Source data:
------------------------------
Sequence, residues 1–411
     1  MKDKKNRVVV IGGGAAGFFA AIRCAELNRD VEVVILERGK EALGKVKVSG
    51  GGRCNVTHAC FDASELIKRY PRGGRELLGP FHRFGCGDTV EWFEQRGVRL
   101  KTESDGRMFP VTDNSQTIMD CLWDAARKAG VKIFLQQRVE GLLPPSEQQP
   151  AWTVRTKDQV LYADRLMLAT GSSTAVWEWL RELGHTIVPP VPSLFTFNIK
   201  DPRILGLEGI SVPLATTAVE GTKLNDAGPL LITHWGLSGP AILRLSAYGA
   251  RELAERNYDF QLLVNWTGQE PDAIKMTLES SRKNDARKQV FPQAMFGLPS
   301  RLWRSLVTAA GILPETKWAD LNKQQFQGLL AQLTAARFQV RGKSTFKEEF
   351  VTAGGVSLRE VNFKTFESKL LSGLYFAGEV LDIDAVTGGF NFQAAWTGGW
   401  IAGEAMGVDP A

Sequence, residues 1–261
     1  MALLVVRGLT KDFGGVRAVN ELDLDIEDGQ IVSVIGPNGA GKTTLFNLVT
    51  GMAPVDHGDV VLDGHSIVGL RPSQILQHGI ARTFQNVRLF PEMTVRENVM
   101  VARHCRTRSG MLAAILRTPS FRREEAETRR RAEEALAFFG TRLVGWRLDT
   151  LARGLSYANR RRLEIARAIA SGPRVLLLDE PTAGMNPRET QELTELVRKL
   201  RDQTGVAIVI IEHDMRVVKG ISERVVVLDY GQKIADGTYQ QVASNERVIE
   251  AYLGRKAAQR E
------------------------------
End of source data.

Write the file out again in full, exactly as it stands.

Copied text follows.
Sequence, residues 1–411
     1  MKDKKNRVVV IGGGAAGFFA AIRCAELNRD VEVVILERGK EALGKVKVSG
    51  GGRCNVTHAC FDASELIKRY PRGGRELLGP FHRFGCGDTV EWFEQRGVRL
   101  KTESDGRMFP VTDNSQTIMD CLWDAARKAG VKIFLQQRVE GLLPPSEQQP
   151  AWTVRTKDQV LYADRLMLAT GSSTAVWEWL RELGHTIVPP VPSLFTFNIK
   201  DPRILGLEGI SVPLATTAVE GTKLNDAGPL LITHWGLSGP AILRLSAYGA
   251  RELAERNYDF QLLVNWTGQE PDAIKMTLES SRKNDARKQV FPQAMFGLPS
   301  RLWRSLVTAA GILPETKWAD LNKQQFQGLL AQLTAARFQV RGKSTFKEEF
   351  VTAGGVSLRE VNFKTFESKL LSGLYFAGEV LDIDAVTGGF NFQAAWTGGW
   401  IAGEAMGVDP A

Sequence, residues 1–261
     1  MALLVVRGLT KDFGGVRAVN ELDLDIEDGQ IVSVIGPNGA GKTTLFNLVT
    51  GMAPVDHGDV VLDGHSIVGL RPSQILQHGI ARTFQNVRLF PEMTVRENVM
   101  VARHCRTRSG MLAAILRTPS FRREEAETRR RAEEALAFFG TRLVGWRLDT
   151  LARGLSYANR RRLEIARAIA SGPRVLLLDE PTAGMNPRET QELTELVRKL
   201  RDQTGVAIVI IEHDMRVVKG ISERVVVLDY GQKIADGTYQ QVASNERVIE
   251  AYLGRKAAQR E